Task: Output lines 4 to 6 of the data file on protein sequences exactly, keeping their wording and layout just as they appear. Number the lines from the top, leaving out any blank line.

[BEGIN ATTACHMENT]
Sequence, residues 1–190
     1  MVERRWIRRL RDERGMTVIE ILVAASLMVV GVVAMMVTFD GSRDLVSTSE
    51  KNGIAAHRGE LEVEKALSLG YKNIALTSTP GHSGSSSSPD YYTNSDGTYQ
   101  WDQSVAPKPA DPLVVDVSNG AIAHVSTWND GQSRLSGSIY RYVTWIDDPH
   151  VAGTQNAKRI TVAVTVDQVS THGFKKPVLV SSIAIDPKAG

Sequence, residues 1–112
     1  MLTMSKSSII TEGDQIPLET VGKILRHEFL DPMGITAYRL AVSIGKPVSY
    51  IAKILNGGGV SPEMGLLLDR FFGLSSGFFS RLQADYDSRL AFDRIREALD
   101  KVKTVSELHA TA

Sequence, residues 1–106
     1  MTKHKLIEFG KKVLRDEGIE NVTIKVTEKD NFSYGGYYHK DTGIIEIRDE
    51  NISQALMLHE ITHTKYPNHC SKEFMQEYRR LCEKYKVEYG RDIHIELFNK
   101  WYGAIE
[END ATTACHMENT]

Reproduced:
   101  WDQSVAPKPA DPLVVDVSNG AIAHVSTWND GQSRLSGSIY RYVTWIDDPH
   151  VAGTQNAKRI TVAVTVDQVS THGFKKPVLV SSIAIDPKAG

Sequence, residues 1–112